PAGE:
12 Employing Temporary Workers Hiring temporary workers helps eliminate a labor shortage. Temporary employment affords firms the flexibility needed to operate efficiently in the face of swings in demand. Other advantages include: temporary workers free a firm from many administrative tasks and financial burdens temporary workers are often times tested by a temporary agency many temporary agencies train employees before sending them to employees McGraw-Hill/Irwin© 2006 The McGraw-Hill Companies, Inc. All rights reserved.

13 Outsourcing and Offshoring Outsourcing is an organizations use of an outside organization for a broad set of services. Offshoring is a special case of outsourcing where the jobs that move actually leave one country and go to another. To help ensure the success of outsourcing: outsource only those jobs that are repetitive, predictable, and easily trained. Choose an outsourcing vendor that is large and established. Jobs that are proprietary or require tight security should not be outsourced. It is a good idea to start small and monitor constantly. McGraw-Hill/Irwin© 2006 The McGraw-Hill Companies, Inc. All rights reserved.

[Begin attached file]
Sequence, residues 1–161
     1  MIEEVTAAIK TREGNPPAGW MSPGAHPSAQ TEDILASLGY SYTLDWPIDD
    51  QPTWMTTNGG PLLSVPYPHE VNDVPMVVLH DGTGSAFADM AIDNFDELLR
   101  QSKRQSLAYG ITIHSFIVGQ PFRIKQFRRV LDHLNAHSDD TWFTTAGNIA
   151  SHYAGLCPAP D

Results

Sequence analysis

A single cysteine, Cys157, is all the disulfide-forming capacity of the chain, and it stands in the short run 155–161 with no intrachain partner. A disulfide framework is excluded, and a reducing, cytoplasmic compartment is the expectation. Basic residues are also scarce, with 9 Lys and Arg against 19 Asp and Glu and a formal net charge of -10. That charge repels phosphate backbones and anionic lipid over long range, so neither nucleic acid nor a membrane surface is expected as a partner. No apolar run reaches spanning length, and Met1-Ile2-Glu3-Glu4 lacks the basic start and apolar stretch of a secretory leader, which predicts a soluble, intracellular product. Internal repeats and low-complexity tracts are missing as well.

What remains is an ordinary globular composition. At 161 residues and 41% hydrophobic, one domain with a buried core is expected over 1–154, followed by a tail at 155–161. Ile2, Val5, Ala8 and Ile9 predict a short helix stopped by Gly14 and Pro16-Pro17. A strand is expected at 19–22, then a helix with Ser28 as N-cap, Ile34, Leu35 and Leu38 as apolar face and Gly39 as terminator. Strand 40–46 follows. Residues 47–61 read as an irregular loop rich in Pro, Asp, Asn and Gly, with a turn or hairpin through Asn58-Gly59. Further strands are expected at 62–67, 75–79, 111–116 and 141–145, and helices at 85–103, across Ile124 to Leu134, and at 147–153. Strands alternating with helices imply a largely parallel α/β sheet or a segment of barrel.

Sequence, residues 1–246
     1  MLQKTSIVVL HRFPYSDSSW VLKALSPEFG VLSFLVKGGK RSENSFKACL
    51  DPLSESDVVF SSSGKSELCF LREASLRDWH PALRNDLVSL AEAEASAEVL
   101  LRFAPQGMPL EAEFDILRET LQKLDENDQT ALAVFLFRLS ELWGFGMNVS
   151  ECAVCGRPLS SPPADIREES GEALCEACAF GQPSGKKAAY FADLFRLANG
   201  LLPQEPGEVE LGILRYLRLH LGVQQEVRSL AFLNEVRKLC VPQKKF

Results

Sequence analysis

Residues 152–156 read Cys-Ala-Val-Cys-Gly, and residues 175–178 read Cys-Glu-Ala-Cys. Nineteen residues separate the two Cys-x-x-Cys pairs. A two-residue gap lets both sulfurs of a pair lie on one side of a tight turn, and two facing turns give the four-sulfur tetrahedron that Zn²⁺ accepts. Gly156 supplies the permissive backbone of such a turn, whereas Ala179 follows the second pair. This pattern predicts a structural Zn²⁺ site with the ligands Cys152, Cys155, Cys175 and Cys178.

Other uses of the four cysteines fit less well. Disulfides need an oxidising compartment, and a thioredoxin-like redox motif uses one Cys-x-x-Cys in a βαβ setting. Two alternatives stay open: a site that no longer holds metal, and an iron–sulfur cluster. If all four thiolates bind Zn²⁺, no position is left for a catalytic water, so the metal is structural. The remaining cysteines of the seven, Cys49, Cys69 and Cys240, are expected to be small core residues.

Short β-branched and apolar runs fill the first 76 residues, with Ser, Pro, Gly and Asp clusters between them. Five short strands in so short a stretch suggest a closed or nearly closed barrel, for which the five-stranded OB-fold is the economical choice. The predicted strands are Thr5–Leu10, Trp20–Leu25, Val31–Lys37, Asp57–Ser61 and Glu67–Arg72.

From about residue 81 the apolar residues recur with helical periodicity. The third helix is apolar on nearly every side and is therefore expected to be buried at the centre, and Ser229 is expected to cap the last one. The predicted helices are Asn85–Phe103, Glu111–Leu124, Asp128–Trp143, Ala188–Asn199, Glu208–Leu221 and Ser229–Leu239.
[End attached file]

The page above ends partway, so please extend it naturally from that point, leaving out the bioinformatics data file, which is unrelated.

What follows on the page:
14 Affirmative Action Planning It is important to plan for various subgroups within a labor force. A comparison of the proportion of workers in protected subgroups with the proportion that each subgroup represents is called a workforce utilization review. The steps required to execute an affirmative action plan are identical to the steps in the generic planning process discussed earlier. McGraw-Hill/Irwin© 2006 The McGraw-Hill Companies, Inc. All rights reserved.